Open Access Journal

ISSN: 2183-7635

Article | Open Access

Spatial Accessibility in Urban Regeneration Areas: A Population-Weighted Method Assessing the Social Amenity Provision

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Abstract:  Principles of social sustainability serve to guide urban regeneration programmes around the world. Increasingly, the upholding of these principles is subject to qualified evaluation and monitoring. One of the cornerstones of social sustainability is access to basic services. This is also a strategic and operational objective in urban regeneration measures. While indicator-based evaluations of accessibility do exist, hitherto they have tended to apply descriptive statistics or density parameters only. Therefore, there is a need for small-scale, regularly updated information on accessibility, such as the nearest facility based on street networks and population density. This deficit can often be attributed to the complex methodological requirements. To meet this need, our article presents a method for determining the spatial accessibility of basic services with low data requirements. Accessibility is measured in walking time and linked to the local population distribution. More specifically, GIS tools in connection with land survey data are used to estimate the number of inhabitants per building; the walking time needed to reach four types of social amenity along the street network is then determined for each building; finally, a population-weighted accessibility index is derived and mapped in a 50-m grid. To test this method, we investigated four urban regeneration areas in Dresden, Germany. The results show that with freely available geodata, it is possible to identify neighbourhoods and buildings with both high population densities and poor accessibility to basic services. Corresponding maps can be used to monitor urban regeneration measures or form a basis for further action.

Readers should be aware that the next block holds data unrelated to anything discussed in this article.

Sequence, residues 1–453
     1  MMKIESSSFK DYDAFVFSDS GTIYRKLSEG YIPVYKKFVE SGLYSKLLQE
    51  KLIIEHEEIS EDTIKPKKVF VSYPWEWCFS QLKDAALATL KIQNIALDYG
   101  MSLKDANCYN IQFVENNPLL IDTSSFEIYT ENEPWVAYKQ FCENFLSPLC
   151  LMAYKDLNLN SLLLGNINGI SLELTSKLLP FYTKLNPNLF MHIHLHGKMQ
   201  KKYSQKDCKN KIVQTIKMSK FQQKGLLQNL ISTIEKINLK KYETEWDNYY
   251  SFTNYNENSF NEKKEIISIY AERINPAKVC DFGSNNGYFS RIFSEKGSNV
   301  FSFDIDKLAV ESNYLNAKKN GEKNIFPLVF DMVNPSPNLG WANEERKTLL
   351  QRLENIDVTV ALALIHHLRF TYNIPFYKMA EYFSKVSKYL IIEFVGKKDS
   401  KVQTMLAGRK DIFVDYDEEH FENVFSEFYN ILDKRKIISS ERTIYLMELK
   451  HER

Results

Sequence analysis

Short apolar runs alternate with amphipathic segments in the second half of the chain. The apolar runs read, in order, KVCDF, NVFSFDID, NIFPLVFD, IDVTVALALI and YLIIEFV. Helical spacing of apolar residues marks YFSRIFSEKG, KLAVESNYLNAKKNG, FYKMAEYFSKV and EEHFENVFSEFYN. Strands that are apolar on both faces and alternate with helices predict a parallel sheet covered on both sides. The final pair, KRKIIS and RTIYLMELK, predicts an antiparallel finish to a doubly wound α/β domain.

Keywords:  accessibility; population mapping; social amenities; socially integrative urban development; spatial network analysis; urban renewal



© Robin Gutting, Maria Gerhold, Stefanie Rößler. This is an open access article distributed under the terms of the Creative Commons Attribution 4.0 license (, which permits any use, distribution, and reproduction of the work without further permission provided the original author(s) and source are credited.